By Diana M. Kodie
The University of Ghana (UG) has again lost its own appeal against its former employees, who are seeking payment of their ex-gratia under the Single Spine Salary Structure (SSSS).
The three-member Court of Appeal panel, presided over by Justices Kusi Appiah, yesterday by a unanimous decision dismissed the appeal filed by the UG, challenging the judgment by the Accra High Court, Labour Division, over payment of ex-gratia to former employees.
According to the applicant, the evidence adduced before the High Court was not sufficient to warrant the said judgment. However, the three-member panel said the appeal lacked merit and was accordingly dismissed. In their judgment, the three Justices unanimously dismissed the case, asking the UG to pay the former employees the ex-gratia due them (using the SSSS to calculate) as their salary arrears were paid.
In addition, they would be paid interest from September 2011 to the final day of payment. The panel, which consisted of Justice Kusi Appiah, Justice Lovelace Johnson and Henry Kwofie said the grounds of appeal by the UG that ex-gratia is paid from their own internally generated funds (IGF), hence, it could not pay the former employees using the SSSS, was untenable. The court, therefore, dismissed the appeal and affirmed the judgment by the High Court and awarded cost of GHC25, 000 against the UG. The High Court gave its judgment in 2016, asking the UG to pay the ex-gratia to all former employees.
The court, again, ruled that seven members of the plaintiff, who the premier school wanted to sideline because they had not worked with them for 10 years, hence, are not entitled to ex-gratia, was also over-ruled. University of Ghana, subsequently proceeded to the Court of Appeal to overturn the judgment which was unsuccessful. Speaking to The Chronicle, the leader of the respondents, Bernard Acquah Mpraim expressed his excitement that finally, after so many years, justice had been served. According to him, it was not easy travelling to and from court for the years the case travelled.
The 2010-2011 retirees of Ghana’s premier university, who were 205 in number, including former Vice Chancellor and Professors, proceeded to the Industrial and Labour Division of the Accra High Court to demand payment of arrears of their ex-gratia, after the Single Spine Salary Structure (SSSS) was implemented from their former employer. Bernard Acquah Impraim, former chairman of the UG’s Tertiary Education Workers’ Union (TEWU), who led the about 200 retirees, said they retired when the university was working on the implementation of the SSSS, which was subsequently executed in September 2011. Mr Impraim lamented that, all other public universities had paid their employees the differences on the ex-gratia, based on the SSSS, in addition to all arrears due them. He added that, even within the UG, staff of the School of Business, who retired in 2010 and 2011, have been paid the differences on their ex-gratia and basic salaries with SSSS. According to Mr Impraim, the SSSS was implemented in September 2011 and they received arrears on their basic salaries, because of the implementation of the SSSS, which means ex-gratia, was to be affected by the changes in the salary structure. However, the institution refused to pay and all attempts by the about 200 retirees to seek redress proved futile. He explained that, they (the retirees) petitioned the university in a letter dated September 11, 2012, entitled: ‘An appeal for Supplementary payment of Ex-gratia’, after the arrears on their basic salaries had been paid on the SSSS.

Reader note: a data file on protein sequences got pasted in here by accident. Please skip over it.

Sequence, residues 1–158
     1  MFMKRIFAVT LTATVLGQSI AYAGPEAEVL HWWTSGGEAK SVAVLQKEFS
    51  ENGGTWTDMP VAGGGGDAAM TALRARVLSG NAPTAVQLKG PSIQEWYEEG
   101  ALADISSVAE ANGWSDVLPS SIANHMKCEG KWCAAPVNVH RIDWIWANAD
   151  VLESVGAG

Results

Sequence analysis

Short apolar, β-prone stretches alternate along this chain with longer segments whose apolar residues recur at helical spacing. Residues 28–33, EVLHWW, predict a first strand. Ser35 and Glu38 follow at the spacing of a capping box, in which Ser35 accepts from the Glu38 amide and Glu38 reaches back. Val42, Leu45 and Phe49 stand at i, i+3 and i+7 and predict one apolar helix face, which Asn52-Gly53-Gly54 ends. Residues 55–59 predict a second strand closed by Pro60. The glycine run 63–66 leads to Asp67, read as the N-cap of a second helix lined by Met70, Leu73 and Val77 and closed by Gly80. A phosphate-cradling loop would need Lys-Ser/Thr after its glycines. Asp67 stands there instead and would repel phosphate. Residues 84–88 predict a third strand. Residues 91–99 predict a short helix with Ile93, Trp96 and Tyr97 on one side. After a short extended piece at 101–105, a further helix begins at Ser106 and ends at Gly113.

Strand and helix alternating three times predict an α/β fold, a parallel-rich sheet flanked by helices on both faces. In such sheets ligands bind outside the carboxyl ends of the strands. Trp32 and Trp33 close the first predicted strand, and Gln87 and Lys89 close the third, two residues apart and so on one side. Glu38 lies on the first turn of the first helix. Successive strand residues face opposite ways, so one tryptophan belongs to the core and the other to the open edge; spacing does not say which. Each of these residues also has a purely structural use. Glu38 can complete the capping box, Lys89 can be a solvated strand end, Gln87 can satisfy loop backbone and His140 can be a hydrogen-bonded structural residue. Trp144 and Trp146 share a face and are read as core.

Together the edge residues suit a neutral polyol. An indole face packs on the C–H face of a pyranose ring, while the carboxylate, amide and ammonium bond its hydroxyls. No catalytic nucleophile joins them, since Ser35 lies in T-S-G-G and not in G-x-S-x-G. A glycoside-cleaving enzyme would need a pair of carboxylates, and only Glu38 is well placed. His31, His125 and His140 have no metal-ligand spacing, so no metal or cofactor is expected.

The UG wrote back to the retirees to acknowledge receipt of their petition. Mr Impraim continued that, on December 2, 2012, they received another letter from the university, informing them that their petition had been sent to the senior management, so they were hopeful to hear a good outcome. However, on January 30, 2014, the group received a letter from their former employer that the institution was sorry the request by the 2010-2011 retirees could not be granted. He said the letter explained that, the arrears on the basic salaries were paid by the government of Ghana, but the difference on the ex-gratia would have to be paid through the UG’s internally generated fund (IGF), which was not possible because they could not absorb it. The former UG TEWU chairman said upon receipt of the final response from their employer, he, together with the support of his colleagues, who are all over 60 years, proceeded to court to seek redress, which outcome has gone in their favour.